Adulteration and the Late-Victorian Culture of Risk in Jude the Obscure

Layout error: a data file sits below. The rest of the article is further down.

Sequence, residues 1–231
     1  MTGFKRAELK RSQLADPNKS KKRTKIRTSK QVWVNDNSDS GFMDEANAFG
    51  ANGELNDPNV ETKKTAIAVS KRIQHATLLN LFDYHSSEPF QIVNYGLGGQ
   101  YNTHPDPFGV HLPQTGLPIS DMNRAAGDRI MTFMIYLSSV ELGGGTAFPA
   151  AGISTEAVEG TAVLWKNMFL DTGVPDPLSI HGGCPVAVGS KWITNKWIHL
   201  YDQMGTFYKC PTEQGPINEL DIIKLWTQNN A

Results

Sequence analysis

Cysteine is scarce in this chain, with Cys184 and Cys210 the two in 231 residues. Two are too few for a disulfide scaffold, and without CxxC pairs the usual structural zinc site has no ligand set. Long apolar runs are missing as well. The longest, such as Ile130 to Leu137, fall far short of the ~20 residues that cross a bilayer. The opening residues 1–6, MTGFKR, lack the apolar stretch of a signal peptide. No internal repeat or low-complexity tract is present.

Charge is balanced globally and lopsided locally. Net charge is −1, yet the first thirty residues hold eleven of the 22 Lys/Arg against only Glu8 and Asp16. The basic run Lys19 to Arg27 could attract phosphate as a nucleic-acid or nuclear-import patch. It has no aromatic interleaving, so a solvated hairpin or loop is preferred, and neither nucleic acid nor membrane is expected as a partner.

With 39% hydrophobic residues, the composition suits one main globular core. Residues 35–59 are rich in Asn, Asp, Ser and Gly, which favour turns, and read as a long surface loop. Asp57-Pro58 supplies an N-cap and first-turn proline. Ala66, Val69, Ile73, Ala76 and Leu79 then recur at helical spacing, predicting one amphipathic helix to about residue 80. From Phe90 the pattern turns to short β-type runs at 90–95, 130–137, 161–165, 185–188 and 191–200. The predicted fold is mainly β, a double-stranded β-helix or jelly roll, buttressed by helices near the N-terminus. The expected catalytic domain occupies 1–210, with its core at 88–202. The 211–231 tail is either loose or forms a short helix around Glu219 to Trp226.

Few novelists were more concerned with the chronic uncertainty of modern everyday life than Thomas Hardy. This chapter reads Jude the Obscure (1896) through late-nineteenth-century risk culture. The “risk society thesis” was not propounded until the 1980s (by Ulrich Beck, after Chernobyl), to describe a condition that was unique to late modernity. Nevertheless, risk is critical to Hardyean tragedy, which happens when instinct is beset by consciousness: when the Schopenhauerean “will to life” impels individuals to actions which they or others perceive as the consequence of their decisions, and for which they feel obliged to take responsibility. In the utter solitariness of their “two-in-oneness,” and without recourse to delegitimized institutions such as marriage, family, community, universities, government, or religion, Jude and Sue must constantly make decisions about the dangers they face, but without the resources for such decision-making. Arabella, by contrast, is at home in the new risk culture.